Understanding the genetic makeup of a unit will never allow us to understand the behavior of the unit itself.
Had economists, Coase or Shmoase, had any interest in the ancients, they would have discovered the risk-management strategy relied upon by Roman families who customarily had a slave for treasurer, the person responsible for the finances of the household and the estate. Why? Because you can inflict a much higher punishment on a slave than a free person or a freedman – and you do not need to rely on the mechanism of the law for that. You can be bankrupted by an irresponsible or dishonest steward who can divert your estate’s funds to Bithynia. A slave has more downside.
Slave ownership by companies has traditionally taken very curious forms. The best slave is someone you overpay and who knows it, terrified of losing his status. Multinational companies created the expat category, a sort of diplomat with a higher standard of living who represents the firm far away and runs its business there. All large corporations had (and some still have) employees with expat status and, in spite of its costs, it is an extremely effective strategy. Why? Because the further from headquarters an employee is located, the more autonomous his unit, the more you want him to be a slave so he does nothing strange on his own… 95% of the employee’s mind will be on company politics… which is exactly what the company wants.
Freedom entails risks – real skin in the game. Freedom is never free.
What matters isn’t what a person has or doesn’t have; it is what he or she is afraid of losing. The more you have to lose, the more fragile you are.
10% of the wealthiest 500 American people or dynasties were so thirty years ago; more than 60% on the French list are heirs and a third of the richest Europeans were the richest countries centuries ago. In Florence, it was just revelated that things are even worse: the same handful of families have kept the wealth for five centuries.
The way to make society more equal is by forcing (through skin in the game) the rich to be subjected to the risk of exiting from the 1 percent.
Time is equivalent to disorder, and resistance to the ravages of time, that is, what we gloriously call survival, is the ability to handle disorder. That which is fragile has an asymmetric response to volatility and other stressors, that is, will experience more harm than benefit from it. In probability, volatility and time are the same. The idea of fragility helped put some rigor around the notion that the only effective judge of things is time – by things we mean ideas, people, intellectual productions, car models, scientific theories, books, etc.
There are two ways things handle time. First, there is again and perishability: things die because they have a biological clock, what we call senescence. Second, there is hazard, the rate of accidents. What we witness in physical life is the combination of the two: when you are old and fragile, you don’t handle accidents very well. These accidents don’t have to be external, like falling from a ladder or being attacked by a bear; they can also be internal, from random malfunctioning of your organs or circulation.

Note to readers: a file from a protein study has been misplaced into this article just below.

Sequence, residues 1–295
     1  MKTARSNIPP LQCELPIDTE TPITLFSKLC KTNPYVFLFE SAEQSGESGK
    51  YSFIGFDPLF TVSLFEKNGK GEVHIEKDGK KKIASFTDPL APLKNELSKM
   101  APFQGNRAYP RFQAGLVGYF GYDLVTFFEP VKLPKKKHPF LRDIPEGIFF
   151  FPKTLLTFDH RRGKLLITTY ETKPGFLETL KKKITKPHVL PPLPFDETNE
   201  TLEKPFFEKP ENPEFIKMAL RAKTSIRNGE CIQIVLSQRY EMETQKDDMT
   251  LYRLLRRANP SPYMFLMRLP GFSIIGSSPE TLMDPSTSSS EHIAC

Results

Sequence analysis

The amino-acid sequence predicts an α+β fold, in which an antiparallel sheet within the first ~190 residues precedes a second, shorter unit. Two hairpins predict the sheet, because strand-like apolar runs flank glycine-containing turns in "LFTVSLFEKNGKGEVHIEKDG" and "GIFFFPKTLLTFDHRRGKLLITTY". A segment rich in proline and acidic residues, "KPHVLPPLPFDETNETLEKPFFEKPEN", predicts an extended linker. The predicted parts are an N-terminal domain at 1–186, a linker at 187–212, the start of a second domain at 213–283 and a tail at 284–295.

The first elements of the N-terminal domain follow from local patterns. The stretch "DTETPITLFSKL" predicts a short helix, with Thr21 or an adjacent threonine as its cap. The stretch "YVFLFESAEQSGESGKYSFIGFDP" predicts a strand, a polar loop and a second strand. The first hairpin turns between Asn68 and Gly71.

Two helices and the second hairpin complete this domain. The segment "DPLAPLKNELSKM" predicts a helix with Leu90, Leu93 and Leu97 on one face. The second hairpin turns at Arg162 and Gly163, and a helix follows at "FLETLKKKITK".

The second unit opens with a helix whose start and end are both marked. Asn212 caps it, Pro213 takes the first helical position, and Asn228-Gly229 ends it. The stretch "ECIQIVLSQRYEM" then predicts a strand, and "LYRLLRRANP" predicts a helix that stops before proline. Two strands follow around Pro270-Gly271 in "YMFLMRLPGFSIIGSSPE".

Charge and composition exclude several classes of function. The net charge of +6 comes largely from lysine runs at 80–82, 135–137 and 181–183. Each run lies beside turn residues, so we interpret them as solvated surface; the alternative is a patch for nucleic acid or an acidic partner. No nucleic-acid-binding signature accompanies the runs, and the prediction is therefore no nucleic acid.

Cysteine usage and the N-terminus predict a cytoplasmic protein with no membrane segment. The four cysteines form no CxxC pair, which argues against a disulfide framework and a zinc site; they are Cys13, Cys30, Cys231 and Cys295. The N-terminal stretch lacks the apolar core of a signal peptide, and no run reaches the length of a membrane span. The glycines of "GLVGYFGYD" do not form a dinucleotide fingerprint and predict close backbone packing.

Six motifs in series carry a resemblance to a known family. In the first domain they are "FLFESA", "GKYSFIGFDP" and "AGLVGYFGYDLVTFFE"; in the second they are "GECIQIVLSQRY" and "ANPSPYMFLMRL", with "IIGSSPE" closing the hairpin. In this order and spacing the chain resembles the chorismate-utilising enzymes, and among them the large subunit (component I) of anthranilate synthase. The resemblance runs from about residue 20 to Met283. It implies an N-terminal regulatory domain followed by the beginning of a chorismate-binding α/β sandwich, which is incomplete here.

That which is “Lindy” is what ages in reverse, i.e, its life expectancy lengthens with time, conditional on survival. Only the nonperishable can be Lindy. When it comes to ideas, books, technologies, procedures, institutions, and political systems under Lindy, there is no intrinsic aging and perishability.
We know by instinct that brain surgery is not more “scientific” than aspirin, any more than flying the forty or so miles between JFK and Newark airports represent “efficiency,” although there is more technology involved. But we don’t easily translate this to other domains and remain victims of scientism, which is to science what a Ponzi scheme is to investment, or what advertisement or propaganda are to genuine scientific communication.
Russian Roulette allows you to make money five times out of six. This has bankrupted banks, as banks lose less than one in one hundred quarters, but they lose more than they ever made. My declared approach was to try to make money infrequently. I tore the evaluation form in front of the big boss and they left me alone. Now the mere fact that an evaluation causes you to be judged not by the end results, but by some intermediary metric that invites you to look sophisticated, brings some distortions.
If anything, being rich you need to hide your money if you want to have what I call friends. This may be known; what is less obvious is that you may also need to hide your erudition and learning. People can only be social friends if they don’t try to upstage or outsmart one another. Indeed, the classical art of conversation is to avoid any imbalance, as in Baldassare Castiglione’s Book of the Courtier: people need to be equal, at least for the purpose of the conversation, otherwise it fails. It has to be hierarchy-free and equal in contribution. You’d rather have dinner with your friends than with your professor, unless of course your professor understands “the art” of conversation.